Last week, NOAA officially assumed control of the Jason-3 satellite, the latest in a series of spacecraft that measure the surface height of the global ocean, monitor the rate of sea-level rise and help NOAA’s National Weather Service more accurately forecast the strength of tropical cyclones that threaten America’s coasts.
During this year’s hurricane season, Jason-3, and its predecessor Jason-2, will provide NOAA with twice the amount of satellite data, including vital ocean temperature information, used to predict if — and when — a storm will strengthen. The satellites will begin flying alternating orbits by October.
“These satellites can identify high-standing pools of warm water that fuel the explosive growth of tropical storms.” Dr. Stephen Volz. Photo courtesy: NOAA
Launched on January 17, and successfully completing a six-month phase to test the instruments in orbit, Jason-3 is flying in a low orbit, 830 miles above the Earth. Its radar altimeter monitors 95 percent of the world’s ice-free oceans every 10 days. Since the start of the TOPEX/Poseidon mission in 1992, and continuing with the Jason satellites, researchers have observed global sea-level rise at a rate of 3 mm a year, resulting in a total change of 70 mm — or 2.8 inches — in 23 years.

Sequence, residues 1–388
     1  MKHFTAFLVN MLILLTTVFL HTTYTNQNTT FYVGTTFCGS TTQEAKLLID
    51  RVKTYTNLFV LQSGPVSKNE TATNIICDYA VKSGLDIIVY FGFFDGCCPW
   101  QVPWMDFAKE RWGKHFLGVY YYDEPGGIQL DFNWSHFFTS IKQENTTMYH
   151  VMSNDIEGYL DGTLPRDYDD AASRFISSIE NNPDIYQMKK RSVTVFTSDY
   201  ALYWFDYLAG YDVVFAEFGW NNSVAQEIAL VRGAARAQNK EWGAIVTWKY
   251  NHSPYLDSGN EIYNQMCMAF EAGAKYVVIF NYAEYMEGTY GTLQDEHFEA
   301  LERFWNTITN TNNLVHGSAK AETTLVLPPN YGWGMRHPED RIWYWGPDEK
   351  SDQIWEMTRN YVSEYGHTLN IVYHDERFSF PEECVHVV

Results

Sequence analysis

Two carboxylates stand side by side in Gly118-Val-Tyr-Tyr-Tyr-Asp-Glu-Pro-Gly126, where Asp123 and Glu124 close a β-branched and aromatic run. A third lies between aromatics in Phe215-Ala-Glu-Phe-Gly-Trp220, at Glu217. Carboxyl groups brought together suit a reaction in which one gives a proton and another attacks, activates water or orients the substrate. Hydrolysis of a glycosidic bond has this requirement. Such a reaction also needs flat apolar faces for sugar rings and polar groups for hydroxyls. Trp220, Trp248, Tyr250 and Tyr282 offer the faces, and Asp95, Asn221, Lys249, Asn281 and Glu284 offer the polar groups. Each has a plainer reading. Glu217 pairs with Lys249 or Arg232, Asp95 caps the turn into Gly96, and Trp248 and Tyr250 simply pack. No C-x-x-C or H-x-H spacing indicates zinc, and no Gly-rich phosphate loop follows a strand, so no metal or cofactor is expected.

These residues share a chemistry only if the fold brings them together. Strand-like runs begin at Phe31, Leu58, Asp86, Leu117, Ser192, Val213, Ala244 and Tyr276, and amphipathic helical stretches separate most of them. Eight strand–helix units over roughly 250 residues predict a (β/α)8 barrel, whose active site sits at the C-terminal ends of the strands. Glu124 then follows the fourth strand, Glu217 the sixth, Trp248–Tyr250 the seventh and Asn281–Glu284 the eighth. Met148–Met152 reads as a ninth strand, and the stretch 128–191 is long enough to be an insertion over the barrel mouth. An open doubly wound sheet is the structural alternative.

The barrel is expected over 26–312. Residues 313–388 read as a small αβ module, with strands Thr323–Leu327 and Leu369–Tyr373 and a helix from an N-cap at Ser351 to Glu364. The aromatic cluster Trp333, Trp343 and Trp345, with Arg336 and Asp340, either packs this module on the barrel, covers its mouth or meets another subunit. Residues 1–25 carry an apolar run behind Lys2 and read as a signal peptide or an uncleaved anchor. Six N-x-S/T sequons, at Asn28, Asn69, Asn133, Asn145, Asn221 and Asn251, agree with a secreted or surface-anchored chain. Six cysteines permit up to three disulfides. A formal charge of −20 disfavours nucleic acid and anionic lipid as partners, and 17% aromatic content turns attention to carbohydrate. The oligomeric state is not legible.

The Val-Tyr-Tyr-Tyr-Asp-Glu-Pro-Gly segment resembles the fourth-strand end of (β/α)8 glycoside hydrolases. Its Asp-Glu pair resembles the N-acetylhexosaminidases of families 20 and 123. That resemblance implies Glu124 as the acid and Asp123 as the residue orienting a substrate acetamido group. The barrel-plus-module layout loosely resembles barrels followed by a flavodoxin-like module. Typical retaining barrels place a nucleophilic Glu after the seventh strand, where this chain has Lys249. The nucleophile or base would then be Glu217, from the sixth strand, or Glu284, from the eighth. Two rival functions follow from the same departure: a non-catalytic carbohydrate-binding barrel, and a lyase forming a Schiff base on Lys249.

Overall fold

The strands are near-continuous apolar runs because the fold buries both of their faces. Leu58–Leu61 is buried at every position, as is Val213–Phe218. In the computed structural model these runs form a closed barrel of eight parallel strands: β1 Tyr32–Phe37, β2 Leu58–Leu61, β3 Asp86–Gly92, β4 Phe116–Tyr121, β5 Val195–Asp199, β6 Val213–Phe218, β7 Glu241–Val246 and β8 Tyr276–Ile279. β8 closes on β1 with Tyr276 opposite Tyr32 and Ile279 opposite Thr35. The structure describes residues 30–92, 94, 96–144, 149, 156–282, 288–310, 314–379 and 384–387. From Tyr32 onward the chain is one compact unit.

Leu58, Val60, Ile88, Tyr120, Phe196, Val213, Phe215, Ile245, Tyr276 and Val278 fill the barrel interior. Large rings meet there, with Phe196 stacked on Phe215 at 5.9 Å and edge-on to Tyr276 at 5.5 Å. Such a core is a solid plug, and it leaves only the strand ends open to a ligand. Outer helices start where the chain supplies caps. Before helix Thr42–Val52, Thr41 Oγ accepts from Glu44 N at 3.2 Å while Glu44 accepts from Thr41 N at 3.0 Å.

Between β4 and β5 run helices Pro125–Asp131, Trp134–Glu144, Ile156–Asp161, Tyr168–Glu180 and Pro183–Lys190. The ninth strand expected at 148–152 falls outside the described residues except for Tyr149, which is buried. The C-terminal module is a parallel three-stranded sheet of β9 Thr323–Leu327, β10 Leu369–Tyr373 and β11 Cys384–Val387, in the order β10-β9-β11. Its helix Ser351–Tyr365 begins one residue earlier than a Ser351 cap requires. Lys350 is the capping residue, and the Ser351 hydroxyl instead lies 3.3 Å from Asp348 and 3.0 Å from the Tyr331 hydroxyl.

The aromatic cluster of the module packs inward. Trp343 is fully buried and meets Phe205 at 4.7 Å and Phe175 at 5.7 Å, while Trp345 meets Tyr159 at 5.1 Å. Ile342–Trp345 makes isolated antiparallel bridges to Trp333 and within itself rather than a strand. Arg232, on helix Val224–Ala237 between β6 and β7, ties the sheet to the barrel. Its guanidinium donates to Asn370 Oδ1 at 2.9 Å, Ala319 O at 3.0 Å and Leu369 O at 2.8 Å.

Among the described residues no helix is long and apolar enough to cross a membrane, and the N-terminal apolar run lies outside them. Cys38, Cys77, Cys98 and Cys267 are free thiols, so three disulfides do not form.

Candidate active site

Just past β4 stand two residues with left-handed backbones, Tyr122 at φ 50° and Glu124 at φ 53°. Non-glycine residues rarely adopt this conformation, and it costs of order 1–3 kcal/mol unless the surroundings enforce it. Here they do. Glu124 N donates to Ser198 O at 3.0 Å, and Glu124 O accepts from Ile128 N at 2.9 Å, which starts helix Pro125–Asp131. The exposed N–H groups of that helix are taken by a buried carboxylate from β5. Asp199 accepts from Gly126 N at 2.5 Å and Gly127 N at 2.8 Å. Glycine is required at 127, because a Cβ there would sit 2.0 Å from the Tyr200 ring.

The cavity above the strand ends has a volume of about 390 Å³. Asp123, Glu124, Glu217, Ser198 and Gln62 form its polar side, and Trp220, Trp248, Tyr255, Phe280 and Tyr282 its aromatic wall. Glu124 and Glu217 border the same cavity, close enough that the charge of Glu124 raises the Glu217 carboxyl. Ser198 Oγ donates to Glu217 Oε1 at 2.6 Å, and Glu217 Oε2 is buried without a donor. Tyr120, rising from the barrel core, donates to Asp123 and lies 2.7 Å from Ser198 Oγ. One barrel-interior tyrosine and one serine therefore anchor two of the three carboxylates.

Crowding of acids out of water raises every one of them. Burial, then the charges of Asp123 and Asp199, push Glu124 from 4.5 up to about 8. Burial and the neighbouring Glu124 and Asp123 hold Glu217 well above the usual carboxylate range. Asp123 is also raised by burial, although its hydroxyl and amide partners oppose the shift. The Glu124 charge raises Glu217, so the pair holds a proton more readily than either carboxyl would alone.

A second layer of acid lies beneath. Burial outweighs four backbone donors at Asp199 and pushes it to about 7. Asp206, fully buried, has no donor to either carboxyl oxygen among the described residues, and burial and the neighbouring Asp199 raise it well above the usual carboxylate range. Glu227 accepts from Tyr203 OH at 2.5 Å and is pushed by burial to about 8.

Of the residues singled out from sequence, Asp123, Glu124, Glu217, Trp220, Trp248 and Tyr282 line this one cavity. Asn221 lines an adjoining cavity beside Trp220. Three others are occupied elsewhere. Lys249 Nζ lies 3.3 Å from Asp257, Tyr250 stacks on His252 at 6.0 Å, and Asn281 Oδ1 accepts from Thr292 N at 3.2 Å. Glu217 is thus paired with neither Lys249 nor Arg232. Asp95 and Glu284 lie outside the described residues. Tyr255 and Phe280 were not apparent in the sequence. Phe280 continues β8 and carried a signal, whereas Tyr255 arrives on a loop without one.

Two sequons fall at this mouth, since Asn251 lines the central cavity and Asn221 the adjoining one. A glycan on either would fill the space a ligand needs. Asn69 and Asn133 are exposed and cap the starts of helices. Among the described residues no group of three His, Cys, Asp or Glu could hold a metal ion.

“Jason-3 and Jason-2 will provide valuable information for forecasters this hurricane season. These satellites can identify high-standing pools of warm water that fuel the explosive growth of tropical storms,” said Stephen Volz, Ph.D., assistant administrator for NOAA’s Satellite and Information Service, which is leading the Jason-3 mission.
Jason-3 is an international mission in which NOAA collaborates with NASA, the Centre National d’Etudes Spatiales (CNES, the French Space Agency) and the European Organization for the Exploitation of Meteorological Satellites (EUMETSAT).
These satellites can identify high-standing pools of warm water that fuel the explosive growth of tropical storms. Dr. Stephen Volz
Beyond monitoring ocean height, data from Jason-3 are being used for other scientific, commercial, and operational applications, including: ocean wave height modeling for commercial vessel operators; forecasting currents for commercial shipping and ship routing; coastal forecasting for response to environmental challenges, including oil spills and harmful algal blooms; coastal modeling, which is crucial for marine mammal and coral reef research; and El Niño and La Niña forecasting.